I do live in a large city with some of the best hospitals around - even the original Mayo Clinic is within an hour of me. I have to say that the last hospital stay was one where it was obvious that the staff knew what they were doing with a dementia patient. First, the hospital has more single rooms than double. So they immediately put Mom in a private room without extra charges (Medicare liked that). They brought in a cot so that one of the family could be with Mom 24 hours a day. We even had Wi-fi that let us work, to some extent, from the hospital room. We were there to speak for Mom (because she can't) and to discuss anything related to Mom's wishes, including the medical directive. The social worker was officed on the floor and was always available to talk with us about SNF plans.

Mom's previous stay in another hospital was no where near as well handled. It really is important, if you have the opportunity, to ask a lot of questions before you need a hospital.

One other note about medical directives. Mom's palliative care doctor, when given Mom's directive, said that they were all pretty much alike. I suppose he was expecting some kind of boiler plate. His CNP read through it and said it was much more comprehensive than usual and "suggested" the doctor read it. If your medical directive was written specifically for you, rather than a form you filled out, be sure your medical team actually reads it. And verbally point out anything that you feel he/she should be aware of. It doesn't do much good if no one reads it or knows the individual views expressed in it.

All of my grandparents were taken care of in a small town hospital, three of them had dementia. Small town hospitals are a whole different story - limited resources, limited staffing with more general backgrounds, limited facilities and equipment. I think they do the best they can, but if you have access to stronger facilities, I'd suggest using them.

Kate

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Kate [i](Cared for Mom for years before anyone else noticed the symptoms, but the last year of her life was rough and we needed to place her in an SNF, where she passed in February 2012)[/i]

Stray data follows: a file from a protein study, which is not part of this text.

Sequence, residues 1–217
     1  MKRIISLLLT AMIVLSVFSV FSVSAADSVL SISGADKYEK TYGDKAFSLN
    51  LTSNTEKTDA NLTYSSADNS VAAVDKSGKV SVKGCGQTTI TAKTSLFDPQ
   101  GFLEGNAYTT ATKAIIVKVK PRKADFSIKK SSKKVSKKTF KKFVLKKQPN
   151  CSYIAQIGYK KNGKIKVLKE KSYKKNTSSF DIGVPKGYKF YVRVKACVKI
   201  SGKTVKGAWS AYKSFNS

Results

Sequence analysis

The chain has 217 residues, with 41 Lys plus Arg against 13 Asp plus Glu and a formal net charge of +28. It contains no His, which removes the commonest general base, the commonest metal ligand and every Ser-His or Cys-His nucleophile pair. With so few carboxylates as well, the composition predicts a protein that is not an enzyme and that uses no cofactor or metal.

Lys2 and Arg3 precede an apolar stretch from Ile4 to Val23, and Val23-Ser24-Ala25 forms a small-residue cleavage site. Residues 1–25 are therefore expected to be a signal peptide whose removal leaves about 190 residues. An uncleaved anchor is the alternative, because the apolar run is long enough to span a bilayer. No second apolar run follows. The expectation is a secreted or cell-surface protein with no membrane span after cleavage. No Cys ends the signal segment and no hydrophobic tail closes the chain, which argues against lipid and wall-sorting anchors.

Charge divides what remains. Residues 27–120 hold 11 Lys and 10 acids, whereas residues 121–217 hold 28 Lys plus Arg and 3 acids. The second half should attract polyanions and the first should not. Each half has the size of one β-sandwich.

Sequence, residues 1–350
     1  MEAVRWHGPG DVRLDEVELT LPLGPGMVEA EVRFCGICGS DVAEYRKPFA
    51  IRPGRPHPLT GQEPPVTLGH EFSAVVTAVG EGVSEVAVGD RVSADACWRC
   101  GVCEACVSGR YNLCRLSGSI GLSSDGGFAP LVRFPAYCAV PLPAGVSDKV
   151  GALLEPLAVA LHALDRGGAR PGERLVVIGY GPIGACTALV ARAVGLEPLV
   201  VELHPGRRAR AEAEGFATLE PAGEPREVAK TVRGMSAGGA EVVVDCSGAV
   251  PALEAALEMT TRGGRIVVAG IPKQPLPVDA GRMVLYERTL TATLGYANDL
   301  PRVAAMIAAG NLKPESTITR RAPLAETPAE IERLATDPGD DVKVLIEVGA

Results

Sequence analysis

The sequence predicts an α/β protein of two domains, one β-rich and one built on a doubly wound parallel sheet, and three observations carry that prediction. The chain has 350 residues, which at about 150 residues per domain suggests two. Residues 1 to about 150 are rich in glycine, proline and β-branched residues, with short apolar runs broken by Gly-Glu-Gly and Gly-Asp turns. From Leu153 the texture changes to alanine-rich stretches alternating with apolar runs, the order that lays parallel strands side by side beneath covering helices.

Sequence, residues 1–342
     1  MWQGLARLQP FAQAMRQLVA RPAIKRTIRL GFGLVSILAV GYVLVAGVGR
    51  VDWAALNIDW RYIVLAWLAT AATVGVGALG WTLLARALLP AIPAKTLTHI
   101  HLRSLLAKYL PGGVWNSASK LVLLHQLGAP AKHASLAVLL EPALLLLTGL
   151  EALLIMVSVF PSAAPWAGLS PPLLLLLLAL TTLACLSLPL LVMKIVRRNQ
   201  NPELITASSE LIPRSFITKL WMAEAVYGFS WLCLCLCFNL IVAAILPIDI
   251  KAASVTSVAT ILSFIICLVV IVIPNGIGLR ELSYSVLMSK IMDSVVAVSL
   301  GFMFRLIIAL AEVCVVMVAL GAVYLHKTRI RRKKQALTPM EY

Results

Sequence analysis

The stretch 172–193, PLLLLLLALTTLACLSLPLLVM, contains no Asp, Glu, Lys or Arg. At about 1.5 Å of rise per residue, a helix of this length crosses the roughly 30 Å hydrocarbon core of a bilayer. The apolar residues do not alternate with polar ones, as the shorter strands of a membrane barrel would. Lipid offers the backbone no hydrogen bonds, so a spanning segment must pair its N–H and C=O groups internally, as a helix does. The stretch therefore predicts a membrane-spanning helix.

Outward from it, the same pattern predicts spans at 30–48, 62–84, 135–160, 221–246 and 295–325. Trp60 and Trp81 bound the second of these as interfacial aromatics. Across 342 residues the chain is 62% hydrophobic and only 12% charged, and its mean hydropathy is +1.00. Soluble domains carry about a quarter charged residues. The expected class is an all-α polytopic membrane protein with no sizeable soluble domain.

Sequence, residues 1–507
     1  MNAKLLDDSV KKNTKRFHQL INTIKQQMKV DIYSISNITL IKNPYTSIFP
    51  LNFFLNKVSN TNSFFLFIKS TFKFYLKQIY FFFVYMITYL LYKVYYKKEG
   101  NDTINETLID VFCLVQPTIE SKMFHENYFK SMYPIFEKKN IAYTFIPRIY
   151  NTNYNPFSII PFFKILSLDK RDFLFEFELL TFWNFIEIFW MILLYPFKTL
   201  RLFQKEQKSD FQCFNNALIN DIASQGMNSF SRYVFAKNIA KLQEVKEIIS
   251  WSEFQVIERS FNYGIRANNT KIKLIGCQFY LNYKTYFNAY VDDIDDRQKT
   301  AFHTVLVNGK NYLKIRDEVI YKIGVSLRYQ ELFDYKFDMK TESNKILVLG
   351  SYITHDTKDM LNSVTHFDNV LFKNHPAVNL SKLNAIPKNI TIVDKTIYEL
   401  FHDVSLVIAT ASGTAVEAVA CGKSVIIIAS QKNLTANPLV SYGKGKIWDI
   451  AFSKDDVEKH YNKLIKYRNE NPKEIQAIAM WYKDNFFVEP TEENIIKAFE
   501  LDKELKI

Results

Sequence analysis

Wed Feb 23, 2011 2:07 pm
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Joined: Wed Dec 30, 2009 1:46 pm
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Location: WA
Post Re: Emergency Room and avoiding hospitals
Quote:
When Mom was home with me, I couldn't keep myself from calling 911
Kate, I've done the same thing several times and later had some regrets. Not sure if it's just instinct [maternal/spouse] or my training as an RN but I can't help doing it. I even did it once when he was in a NH back in 2008! I picked up the phone and called 911 because I could tell he was septic and going into shock. No one else had picked up on it [this was a really impressive-looking but dreadful nursing home].

Took care of my father as he died of cancer and didn't ever call 911 but that was different, somehow, as he was clearly terminal. I don't see my husband as terminal and yet I know that 'saving him' isn't doing him a service, either. If something happens at the SNF and I'm not there they will surely call and ask me--that's what they do. I hope God gives me the strength and presence of mind to say 'no'. His DNR and directives are all signed and there. If I am on the scene, I'll probably wimp out.

_________________
Pat [68] married to Derek [84] for 38 years; husband dx PDD/LBD 2005, probably began 2002 or earlier; late stage and in a SNF as of January 2011. Hospitalized 11/2/2013 and discharged to home Hospice. Passed away at home on 11/9/2013.


Wed Feb 23, 2011 3:35 pm